3.8 Concessionary fare reimbursement: A National Concessionary Travel schemes for groups such as elderly people and disabled people was rolled out in early 2006. Prior to that local authorities ran their own schemes. Bus perators are reimbursed for revenue lost as a result of their participation in the schemes, after taking into account a portion of the income from the extra travel generated, i.e. it is supposed to be profit-neutral. Journeys made under these schemes can be found in Table 11.29. These schemes should not be confused with the reductions offered to children, for example, by many operators on commercial grounds.
3.9 Staff employed: Platform staff comprise drivers, conductors and any other on-vehicle staff; maintenance staff include all employees engaged on cleaning, repair, service or maintenance of vehicles, while other staff include administrative staff. There may be some duplication of functions, particularly amongst the smaller operators.
3.10 Walking time to nearest bus stop: the Scottish Household Survey ( SHS) interviewer asks how long it would take him/her to walk to the nearest bus stop (or place where one could get a bus).
3.11 Frequency of bus service: the SHS interviewer asks about the frequency of service at the nearest bus stop (or place one could get on a bus). If the householder says that the frequency of service varies, the interviewer asks for the week-day off-peak frequency.
3.12 SHS urban/rural classification: notes on this appear in Chapter 12.
4.1 The DfT survey of Public Service Vehicle Operators
4.1.1 The basis for most of the statistics in this chapter is the annual returns which a sample of Public Service Vehicle operators makes to the Department for Transport (DfT).
4.1.2 The sample includes all operators who are licensed with 21 or more licence discs (which normally, but not always, equate to the number of vehicles), plus a random sample of smaller operators. Because there is more interest in locally-registered service operators, local operators are over-sampled; they are identified list of operators who receive BSOG and other sources. Sampling for both local and other operators is stratified and based upon the size of the operator's fleet (in terms of the number of licence discs) and geographical location identified by the first two letters of the postcode for the operator's address.
4.1.3 Proxy data are generated for all local operators, but for which data are missing either because they were not sampled or because they did not respond. These will be based either on previous returns from the operator or using other methods such as using other data the operator has supplied. The figures for the non-local smaller operators are grossed-up using a grossing-up factor which is the inverse of the achieved sampling fraction for each size-group and each type of area (conurbation, large urban, etc.).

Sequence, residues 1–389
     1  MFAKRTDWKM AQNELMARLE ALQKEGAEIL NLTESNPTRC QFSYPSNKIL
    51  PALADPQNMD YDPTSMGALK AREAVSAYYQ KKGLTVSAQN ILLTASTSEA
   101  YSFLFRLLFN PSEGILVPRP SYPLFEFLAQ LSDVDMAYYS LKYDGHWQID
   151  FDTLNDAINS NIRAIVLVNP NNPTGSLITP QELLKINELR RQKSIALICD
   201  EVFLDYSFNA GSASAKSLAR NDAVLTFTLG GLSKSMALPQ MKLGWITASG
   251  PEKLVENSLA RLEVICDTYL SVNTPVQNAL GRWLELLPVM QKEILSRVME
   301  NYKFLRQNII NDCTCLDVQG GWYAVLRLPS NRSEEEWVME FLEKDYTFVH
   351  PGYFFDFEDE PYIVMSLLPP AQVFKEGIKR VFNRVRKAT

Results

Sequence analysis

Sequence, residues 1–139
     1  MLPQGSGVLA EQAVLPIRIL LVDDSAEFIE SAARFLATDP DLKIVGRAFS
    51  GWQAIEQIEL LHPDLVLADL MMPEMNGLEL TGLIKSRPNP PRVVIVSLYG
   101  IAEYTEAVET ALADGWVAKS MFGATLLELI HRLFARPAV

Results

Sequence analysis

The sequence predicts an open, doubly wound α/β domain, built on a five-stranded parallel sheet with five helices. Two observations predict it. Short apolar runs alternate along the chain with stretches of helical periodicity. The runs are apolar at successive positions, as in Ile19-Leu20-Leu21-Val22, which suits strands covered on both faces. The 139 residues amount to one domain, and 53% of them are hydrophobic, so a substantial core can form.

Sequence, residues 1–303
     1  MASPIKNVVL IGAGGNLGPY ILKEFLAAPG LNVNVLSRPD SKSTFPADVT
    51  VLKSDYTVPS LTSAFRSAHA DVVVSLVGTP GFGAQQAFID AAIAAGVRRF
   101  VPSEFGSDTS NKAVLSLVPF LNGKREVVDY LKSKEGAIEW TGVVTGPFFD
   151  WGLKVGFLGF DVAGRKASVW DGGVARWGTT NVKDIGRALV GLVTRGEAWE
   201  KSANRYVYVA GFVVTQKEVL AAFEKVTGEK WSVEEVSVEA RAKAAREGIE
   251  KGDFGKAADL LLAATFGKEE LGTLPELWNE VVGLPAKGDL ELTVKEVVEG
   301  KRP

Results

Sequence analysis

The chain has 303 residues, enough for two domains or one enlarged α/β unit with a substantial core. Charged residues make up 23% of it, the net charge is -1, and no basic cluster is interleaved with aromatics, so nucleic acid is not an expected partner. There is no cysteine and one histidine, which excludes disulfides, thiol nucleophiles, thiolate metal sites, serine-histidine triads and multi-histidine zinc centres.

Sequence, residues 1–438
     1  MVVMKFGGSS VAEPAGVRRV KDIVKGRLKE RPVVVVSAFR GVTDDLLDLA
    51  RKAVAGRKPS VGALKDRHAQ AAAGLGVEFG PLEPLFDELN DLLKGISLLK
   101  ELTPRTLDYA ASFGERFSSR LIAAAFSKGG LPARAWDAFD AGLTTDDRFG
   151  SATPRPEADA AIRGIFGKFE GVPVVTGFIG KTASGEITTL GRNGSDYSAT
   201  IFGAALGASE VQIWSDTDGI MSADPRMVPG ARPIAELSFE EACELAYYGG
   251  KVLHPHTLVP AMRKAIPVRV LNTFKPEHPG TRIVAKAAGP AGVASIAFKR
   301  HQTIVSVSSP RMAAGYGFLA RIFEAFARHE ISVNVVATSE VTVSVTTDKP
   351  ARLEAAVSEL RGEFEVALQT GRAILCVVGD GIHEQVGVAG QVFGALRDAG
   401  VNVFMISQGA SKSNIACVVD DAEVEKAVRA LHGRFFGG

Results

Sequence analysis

4.1.4 The figures for Scotland are primarily based on returns for operators with an address in Scotland, even though some operators may do work in England and vice versa. However, important information relating to local operators (mainly passenger boardings, vehicle kilometres and passenger receipts) are obtained at local authority level and so these estimates will exclude data relating to England, even though other variables such as staff numbers are all allocated to just one of its local authorities - the one with the highest number of passenger boardings. ( NB: a large group, such as Stagecoach, is not treated as a single operator: there will be a separate statistical return for each of its subsidiary companies.)
4.1.5 In September 2006, DfT revised the passenger numbers for each year from 1985/86 onwards in order to adjust for driver under-recording of the numbers of passengers who did not pay cash (e.g. those using season tickets, concessionary fare passes, return halves of tickets etc). A further survey showed that the allowance was not affected by the introduction of free concessionary fares.
4.1.6 In October 2010, the DfT revised passenger numbers, vehicle kms and passenger revenue relating to 2004/05 onwards. Although previous figures are presented these are not strictly comparable with the later years.
4. Further Information
4.1 The Scottish Government statistical bulletin Bus and Coach Statistics contains further information on Scottish bus and coach services, including more detailed comparisons with Great Britain and more detailed analyses of the Scottish Household Survey's questions on bus-related topics. More details of this publication are given under Scottish Government Transport Statistics Publications which also indicates how it can be found on the Scottish Government Website.
4.2 DfT's Focus on Public Transport volume and its Public Transport Statistics Bulletin include some more detailed analyses of GB bus and coach statistics.
4.3 Enquiries regarding the statistics in Tables 2.1 to 2.6 should be made to Paul Gaught, Department for Transport, Tel: 0207 944 3076 firstname.lastname@example.org
4.4 Further info on the Scottish Household Survey figures can be found in Chapter 12. Enquires on the SHS- based Tables 2.7 and 2.8 should be made to Andrew Knight of the Scottish Government Transport Statistics branch (tel: 0131 244 7256).